“Our relationship with IP Group is very important as it’s the first one,” said Darcy. “We are open to working with other investors. We are actually finalising an investment on the continent. We are working on deals in Belgium, Germany, Portugal, Scandinavia and elsewhere. I think we expect to sign another agreement by the end of September and a few more by the end of the year.”

Defining the role of technology transfer offices

In its 450-page investigation into the state of technology transfer found the innovation gap is growing between Europe and its chosen role model, the US.

Among the shortcomings that the report identified are that European Institutions get far less licensing revenue from their inventions than their US counterparts, to date technology transfer has been given a lower priority and there is a lack of expertise among technology transfer staff.

On top of this the goals of technology transfer offices are often poorly defined. Are they there to maximise profits or create the greatest number of spin–outs? The report concluded that as a result of these issues, “The strategy as to how to develop technology transfer is often blurred.”

This in turn underscores another conclusion, that most technology transfer offices suffer a lack of critical mass, both in terms of expertise to marshal technology so that it is ready for commercialisation and in terms of having the muscle to pull in outside funding.

The EIF said that to try and solve these many and various problems it would assess which European technology transfer models work best, and set up a new facility to invest in the good ones. Apart from IP Group, two other roles models cited by the EIF were the Karolinska Institute’s incubation model, and Cancer Technology Research Ltd, the commercialisation arm of the research charity, Cancer Research UK.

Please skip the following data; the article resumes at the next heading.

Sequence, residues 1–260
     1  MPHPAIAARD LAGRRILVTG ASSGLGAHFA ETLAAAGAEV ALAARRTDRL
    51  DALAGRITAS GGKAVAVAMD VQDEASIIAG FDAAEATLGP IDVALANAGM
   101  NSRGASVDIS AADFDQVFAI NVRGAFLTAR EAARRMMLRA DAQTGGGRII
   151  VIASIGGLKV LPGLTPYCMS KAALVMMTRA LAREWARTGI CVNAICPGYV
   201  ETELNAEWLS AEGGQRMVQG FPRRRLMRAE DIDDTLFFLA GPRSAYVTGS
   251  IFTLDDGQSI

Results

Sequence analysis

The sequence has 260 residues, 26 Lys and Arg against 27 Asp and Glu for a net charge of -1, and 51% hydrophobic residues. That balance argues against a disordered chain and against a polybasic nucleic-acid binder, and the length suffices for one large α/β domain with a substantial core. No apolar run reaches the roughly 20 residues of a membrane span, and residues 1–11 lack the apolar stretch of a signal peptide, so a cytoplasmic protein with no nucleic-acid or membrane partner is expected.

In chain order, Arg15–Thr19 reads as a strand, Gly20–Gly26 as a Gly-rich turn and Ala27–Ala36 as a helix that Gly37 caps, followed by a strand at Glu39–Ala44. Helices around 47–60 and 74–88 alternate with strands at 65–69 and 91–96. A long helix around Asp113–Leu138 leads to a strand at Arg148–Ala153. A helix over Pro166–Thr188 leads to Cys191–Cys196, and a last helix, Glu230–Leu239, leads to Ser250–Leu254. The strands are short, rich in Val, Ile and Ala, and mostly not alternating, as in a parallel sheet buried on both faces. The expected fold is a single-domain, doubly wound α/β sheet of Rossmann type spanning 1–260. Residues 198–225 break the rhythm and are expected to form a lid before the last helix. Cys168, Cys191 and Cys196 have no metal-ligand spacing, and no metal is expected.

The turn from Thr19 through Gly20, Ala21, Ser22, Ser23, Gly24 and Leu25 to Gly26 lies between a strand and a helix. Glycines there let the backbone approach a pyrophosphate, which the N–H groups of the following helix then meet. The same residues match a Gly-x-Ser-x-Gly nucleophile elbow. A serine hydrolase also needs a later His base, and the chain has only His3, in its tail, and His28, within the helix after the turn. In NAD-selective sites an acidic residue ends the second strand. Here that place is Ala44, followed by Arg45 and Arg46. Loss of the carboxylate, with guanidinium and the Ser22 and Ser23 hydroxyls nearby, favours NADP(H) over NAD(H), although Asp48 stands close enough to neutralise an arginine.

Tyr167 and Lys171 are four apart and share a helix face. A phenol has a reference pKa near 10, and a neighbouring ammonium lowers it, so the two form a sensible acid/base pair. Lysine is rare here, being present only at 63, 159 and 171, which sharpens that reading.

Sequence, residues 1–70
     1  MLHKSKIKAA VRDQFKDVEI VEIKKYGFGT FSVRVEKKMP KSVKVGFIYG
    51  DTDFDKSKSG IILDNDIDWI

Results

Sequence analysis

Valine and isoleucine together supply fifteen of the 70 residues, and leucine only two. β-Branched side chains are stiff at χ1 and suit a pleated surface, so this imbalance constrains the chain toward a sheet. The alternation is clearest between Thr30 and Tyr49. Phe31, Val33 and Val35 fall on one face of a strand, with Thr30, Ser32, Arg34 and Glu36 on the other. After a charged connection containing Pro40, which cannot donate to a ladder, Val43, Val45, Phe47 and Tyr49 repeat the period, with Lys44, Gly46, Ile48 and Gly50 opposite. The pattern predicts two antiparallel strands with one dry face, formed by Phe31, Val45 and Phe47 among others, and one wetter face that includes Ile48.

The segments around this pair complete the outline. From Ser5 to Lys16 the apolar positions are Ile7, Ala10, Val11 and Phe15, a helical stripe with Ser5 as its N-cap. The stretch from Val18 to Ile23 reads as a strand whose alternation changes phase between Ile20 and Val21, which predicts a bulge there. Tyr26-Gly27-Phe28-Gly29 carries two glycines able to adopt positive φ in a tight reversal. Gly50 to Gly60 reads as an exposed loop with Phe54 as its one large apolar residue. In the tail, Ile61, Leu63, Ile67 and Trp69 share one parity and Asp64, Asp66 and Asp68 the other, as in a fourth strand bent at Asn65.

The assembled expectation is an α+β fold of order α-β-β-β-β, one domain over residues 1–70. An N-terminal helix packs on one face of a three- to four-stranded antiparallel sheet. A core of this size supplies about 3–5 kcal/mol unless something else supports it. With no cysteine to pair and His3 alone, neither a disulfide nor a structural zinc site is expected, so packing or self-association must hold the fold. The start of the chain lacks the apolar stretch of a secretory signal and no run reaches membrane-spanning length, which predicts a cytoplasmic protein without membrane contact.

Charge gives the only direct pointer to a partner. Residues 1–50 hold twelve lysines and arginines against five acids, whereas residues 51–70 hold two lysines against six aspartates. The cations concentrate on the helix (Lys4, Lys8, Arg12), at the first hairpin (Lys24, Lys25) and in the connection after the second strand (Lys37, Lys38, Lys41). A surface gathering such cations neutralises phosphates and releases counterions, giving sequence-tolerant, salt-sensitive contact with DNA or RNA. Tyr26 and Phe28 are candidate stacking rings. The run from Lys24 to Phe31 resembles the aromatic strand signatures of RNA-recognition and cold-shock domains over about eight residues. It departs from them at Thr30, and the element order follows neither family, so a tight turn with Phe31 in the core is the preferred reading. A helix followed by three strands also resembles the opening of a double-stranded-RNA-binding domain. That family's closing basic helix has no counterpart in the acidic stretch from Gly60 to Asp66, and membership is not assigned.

Commenting on the formation of the IP Venture Fund, Alan Aubrey, CEO of IP Group said, "The EIF is one of the leading venture capital investors in Europe and has a similar view to IP Group of the investment potential and importance of successful intellectual property commercialisation.”

The EIF was set up to specialise in making equity investments in venture capital funds that support small, high technology companies and currently has a portfolio of over Euros 2.55 billion invested in 191 funds. In the IP Venture Fund, as in the other funds it supports, the aim is play a catalytic role by taking minority positions to pull in other investors.

When it described the new strategy, the EIF asked the European Commission to provide up to Euros 70 million a year over seven years to support it. That money is not yet forthcoming, but in using its current budget to forge ahead with trial projects, the EIF hopes to prove the concept, and loosen the purse strings.

The EIF team also includes Laurent Braun, the Head of Investment of technology transfer, and Felicitas Riedl, the Investment Manager of technology transfer.